Lightning is one of the most thrilling, if scary, natural phenomena that most of us are able to see on a regular basis. Part of our attraction to lightning is probably because of its power and unpredictability, but it’s also extremely beautiful. Photographer Hiroshi Sugimoto captures both the beauty and the unpredictability of lightning in his project called Lightning Fields.
Sugimoto uses a Van de Graff generator and a metal table to recreate what he feels are some of the most important moments in scientific history: the moments that innovators like Michael Faraday and Benjamin Franklin began to unlock the secretes of electricity. Sending up to 400,000 volts of electricity through film to the metal table, he is able to create stunning photographic images.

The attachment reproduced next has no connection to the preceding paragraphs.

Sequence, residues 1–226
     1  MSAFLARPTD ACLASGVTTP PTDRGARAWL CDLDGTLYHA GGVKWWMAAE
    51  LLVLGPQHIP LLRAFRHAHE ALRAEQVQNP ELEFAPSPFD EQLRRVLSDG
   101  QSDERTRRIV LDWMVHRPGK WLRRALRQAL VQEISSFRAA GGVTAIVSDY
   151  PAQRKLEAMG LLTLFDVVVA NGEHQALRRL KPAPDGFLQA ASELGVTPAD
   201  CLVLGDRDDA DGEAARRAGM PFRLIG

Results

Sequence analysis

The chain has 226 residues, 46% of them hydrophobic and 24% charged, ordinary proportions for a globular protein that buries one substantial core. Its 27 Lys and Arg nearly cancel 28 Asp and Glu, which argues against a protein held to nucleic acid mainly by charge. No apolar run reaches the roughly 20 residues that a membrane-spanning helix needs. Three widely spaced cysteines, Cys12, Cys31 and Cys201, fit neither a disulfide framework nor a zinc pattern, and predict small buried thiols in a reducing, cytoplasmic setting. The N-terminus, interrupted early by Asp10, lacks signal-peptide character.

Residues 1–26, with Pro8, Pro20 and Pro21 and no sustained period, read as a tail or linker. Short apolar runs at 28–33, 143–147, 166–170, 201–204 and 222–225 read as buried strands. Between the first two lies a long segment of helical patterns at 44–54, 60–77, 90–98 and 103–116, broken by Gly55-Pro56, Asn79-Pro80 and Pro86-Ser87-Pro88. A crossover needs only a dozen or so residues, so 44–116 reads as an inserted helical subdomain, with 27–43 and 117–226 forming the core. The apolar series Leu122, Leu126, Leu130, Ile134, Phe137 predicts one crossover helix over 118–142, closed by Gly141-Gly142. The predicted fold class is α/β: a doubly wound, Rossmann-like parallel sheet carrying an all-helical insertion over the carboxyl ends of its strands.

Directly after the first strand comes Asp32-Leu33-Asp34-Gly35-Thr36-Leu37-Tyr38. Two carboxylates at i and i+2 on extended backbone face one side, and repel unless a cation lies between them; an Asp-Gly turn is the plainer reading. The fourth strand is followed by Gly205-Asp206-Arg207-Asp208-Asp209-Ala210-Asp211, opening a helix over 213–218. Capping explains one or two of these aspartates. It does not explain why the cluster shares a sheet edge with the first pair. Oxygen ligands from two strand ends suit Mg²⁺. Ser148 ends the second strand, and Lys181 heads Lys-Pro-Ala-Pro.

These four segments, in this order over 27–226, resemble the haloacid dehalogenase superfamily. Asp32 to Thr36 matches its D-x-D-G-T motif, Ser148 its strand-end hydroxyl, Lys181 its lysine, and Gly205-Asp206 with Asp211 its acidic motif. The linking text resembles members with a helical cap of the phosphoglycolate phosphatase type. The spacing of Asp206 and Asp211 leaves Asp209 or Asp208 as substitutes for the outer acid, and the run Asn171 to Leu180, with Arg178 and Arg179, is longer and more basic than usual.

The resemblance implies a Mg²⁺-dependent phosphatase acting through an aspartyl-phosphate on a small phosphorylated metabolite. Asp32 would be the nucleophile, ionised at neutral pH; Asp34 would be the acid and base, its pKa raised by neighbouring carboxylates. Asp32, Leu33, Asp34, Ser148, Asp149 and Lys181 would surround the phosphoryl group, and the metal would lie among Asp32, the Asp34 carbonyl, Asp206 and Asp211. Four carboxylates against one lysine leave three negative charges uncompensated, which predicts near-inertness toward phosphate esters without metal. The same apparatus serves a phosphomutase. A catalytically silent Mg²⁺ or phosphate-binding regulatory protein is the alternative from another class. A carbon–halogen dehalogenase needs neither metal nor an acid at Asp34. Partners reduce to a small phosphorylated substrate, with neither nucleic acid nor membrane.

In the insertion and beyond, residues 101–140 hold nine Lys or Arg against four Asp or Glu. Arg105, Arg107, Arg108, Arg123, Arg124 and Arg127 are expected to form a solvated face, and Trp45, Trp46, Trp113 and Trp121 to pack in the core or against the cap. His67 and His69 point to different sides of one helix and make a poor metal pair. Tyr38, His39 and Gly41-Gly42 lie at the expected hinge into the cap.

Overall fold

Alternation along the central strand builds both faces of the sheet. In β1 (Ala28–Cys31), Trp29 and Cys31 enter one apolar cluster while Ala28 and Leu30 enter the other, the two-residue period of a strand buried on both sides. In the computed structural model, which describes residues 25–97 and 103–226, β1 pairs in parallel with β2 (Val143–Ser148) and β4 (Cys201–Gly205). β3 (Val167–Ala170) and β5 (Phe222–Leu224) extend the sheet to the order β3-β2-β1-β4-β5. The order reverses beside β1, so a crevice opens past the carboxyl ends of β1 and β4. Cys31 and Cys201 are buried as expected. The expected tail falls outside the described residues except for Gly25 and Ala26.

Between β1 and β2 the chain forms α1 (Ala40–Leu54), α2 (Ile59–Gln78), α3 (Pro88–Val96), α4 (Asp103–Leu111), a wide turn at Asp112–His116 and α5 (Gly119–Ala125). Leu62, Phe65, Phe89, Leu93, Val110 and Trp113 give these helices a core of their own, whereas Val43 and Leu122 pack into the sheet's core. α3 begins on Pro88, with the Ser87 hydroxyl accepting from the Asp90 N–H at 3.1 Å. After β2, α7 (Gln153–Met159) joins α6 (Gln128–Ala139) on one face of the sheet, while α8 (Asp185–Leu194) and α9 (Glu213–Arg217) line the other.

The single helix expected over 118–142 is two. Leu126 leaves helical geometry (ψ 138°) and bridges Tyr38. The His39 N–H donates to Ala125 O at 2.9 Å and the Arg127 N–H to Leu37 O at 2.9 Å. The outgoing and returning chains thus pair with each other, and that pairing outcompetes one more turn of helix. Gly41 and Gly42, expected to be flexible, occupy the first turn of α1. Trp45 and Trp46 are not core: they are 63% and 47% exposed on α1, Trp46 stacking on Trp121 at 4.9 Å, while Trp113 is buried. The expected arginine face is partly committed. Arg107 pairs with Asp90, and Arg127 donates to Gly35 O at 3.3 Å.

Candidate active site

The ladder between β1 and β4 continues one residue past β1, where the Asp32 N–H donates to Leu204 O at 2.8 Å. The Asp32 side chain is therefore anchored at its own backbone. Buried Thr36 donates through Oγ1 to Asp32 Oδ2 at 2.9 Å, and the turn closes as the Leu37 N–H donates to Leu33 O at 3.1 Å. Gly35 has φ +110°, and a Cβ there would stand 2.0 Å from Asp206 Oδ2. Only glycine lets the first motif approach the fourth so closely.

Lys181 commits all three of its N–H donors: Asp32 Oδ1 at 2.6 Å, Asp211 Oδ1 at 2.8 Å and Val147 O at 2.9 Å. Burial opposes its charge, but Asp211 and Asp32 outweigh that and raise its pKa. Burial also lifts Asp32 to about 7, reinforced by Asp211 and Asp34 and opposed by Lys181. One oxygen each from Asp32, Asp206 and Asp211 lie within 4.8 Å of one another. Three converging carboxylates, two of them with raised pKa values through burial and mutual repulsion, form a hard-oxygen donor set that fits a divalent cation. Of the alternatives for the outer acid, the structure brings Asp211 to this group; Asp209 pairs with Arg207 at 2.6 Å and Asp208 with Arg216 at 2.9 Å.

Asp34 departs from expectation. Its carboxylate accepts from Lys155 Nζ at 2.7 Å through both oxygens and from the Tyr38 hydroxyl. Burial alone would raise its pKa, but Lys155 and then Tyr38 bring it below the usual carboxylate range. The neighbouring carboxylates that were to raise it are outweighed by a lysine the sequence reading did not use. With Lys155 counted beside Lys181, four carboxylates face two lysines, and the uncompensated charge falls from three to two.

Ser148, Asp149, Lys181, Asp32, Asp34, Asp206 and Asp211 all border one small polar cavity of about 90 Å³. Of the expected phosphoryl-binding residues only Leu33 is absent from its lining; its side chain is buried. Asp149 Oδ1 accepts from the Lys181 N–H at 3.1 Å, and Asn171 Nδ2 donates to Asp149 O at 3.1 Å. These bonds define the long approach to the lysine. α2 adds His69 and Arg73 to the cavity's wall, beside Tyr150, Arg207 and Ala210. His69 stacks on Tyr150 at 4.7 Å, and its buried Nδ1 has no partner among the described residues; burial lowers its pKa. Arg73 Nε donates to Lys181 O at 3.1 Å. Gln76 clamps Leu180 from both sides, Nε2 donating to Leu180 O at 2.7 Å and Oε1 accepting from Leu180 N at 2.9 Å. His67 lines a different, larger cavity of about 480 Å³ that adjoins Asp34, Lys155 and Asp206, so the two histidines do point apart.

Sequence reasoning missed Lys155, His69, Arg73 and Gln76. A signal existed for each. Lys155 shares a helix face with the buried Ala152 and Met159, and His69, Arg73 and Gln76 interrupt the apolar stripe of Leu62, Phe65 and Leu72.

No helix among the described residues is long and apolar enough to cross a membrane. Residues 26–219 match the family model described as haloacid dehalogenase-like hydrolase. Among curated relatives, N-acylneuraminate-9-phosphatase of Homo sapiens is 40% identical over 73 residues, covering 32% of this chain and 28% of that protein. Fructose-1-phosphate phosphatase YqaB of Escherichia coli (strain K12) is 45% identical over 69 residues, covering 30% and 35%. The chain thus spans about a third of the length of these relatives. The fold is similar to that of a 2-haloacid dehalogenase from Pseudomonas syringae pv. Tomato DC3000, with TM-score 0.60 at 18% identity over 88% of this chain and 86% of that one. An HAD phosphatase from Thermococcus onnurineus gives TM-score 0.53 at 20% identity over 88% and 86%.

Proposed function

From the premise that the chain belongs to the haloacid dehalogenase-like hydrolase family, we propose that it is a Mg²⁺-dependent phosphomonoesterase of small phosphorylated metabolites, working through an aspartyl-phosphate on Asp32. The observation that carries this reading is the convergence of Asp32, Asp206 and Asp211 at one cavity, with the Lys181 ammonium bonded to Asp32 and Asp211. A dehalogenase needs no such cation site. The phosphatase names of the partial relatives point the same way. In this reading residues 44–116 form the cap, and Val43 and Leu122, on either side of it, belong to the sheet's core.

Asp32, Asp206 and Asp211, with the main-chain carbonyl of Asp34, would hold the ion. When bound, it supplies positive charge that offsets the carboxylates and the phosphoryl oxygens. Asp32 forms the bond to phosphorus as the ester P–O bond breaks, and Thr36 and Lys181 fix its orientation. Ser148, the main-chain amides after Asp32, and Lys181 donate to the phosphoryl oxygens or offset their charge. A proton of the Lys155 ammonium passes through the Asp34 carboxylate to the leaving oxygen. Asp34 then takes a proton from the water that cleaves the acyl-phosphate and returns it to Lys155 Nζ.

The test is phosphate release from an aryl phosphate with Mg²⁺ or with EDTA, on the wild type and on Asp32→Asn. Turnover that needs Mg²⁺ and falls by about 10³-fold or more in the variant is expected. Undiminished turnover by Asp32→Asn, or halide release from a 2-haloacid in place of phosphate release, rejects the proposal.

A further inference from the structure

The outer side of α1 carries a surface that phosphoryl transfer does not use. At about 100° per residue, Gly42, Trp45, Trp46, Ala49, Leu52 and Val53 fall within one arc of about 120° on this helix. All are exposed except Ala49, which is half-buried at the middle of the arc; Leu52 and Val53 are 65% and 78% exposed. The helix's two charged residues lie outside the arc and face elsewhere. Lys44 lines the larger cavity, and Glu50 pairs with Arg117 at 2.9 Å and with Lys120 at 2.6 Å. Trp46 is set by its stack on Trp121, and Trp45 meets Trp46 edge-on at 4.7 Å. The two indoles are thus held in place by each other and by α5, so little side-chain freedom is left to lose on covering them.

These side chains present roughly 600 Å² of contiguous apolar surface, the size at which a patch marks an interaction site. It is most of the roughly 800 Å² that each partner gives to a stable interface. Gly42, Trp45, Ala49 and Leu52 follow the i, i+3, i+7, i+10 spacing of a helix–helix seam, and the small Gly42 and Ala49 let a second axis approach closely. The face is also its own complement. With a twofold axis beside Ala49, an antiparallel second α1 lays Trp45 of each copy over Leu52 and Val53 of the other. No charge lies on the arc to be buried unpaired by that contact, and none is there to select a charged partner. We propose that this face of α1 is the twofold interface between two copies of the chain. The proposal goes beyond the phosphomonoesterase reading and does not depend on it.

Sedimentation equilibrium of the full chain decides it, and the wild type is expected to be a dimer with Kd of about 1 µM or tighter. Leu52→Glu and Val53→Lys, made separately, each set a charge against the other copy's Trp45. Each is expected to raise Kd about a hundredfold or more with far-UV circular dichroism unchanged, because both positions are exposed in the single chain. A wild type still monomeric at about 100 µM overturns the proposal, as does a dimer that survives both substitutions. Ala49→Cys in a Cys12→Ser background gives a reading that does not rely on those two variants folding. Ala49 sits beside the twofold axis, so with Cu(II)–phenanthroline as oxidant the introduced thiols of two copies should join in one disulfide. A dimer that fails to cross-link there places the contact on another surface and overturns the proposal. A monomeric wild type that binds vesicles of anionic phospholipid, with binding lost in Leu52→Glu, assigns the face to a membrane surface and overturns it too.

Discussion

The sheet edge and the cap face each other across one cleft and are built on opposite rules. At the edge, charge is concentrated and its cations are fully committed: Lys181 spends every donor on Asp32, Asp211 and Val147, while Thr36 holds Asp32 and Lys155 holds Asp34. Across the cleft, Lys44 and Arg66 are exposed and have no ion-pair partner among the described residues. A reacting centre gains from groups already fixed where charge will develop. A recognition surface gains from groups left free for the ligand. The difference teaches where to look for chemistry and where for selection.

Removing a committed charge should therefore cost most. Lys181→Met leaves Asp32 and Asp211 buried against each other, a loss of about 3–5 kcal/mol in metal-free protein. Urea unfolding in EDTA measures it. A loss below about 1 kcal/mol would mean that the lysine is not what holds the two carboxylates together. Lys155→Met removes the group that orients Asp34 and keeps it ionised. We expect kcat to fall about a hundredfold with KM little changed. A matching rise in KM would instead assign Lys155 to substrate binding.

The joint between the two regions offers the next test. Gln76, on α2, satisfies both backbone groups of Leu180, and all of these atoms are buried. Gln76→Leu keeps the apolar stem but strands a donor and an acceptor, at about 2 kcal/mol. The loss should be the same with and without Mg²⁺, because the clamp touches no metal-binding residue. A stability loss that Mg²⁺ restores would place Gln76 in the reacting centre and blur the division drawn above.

The shapes and feature that result are elegant, elemental, and sometimes surprising. They look like fractals, trees, rocks, even biological shapes – and to Sugimoto, they look like life itself. He does try to control the image to a point, often using various tools found around his studio to promote certain characteristics in the film, but ultimately the electricity reacts the way it wants to.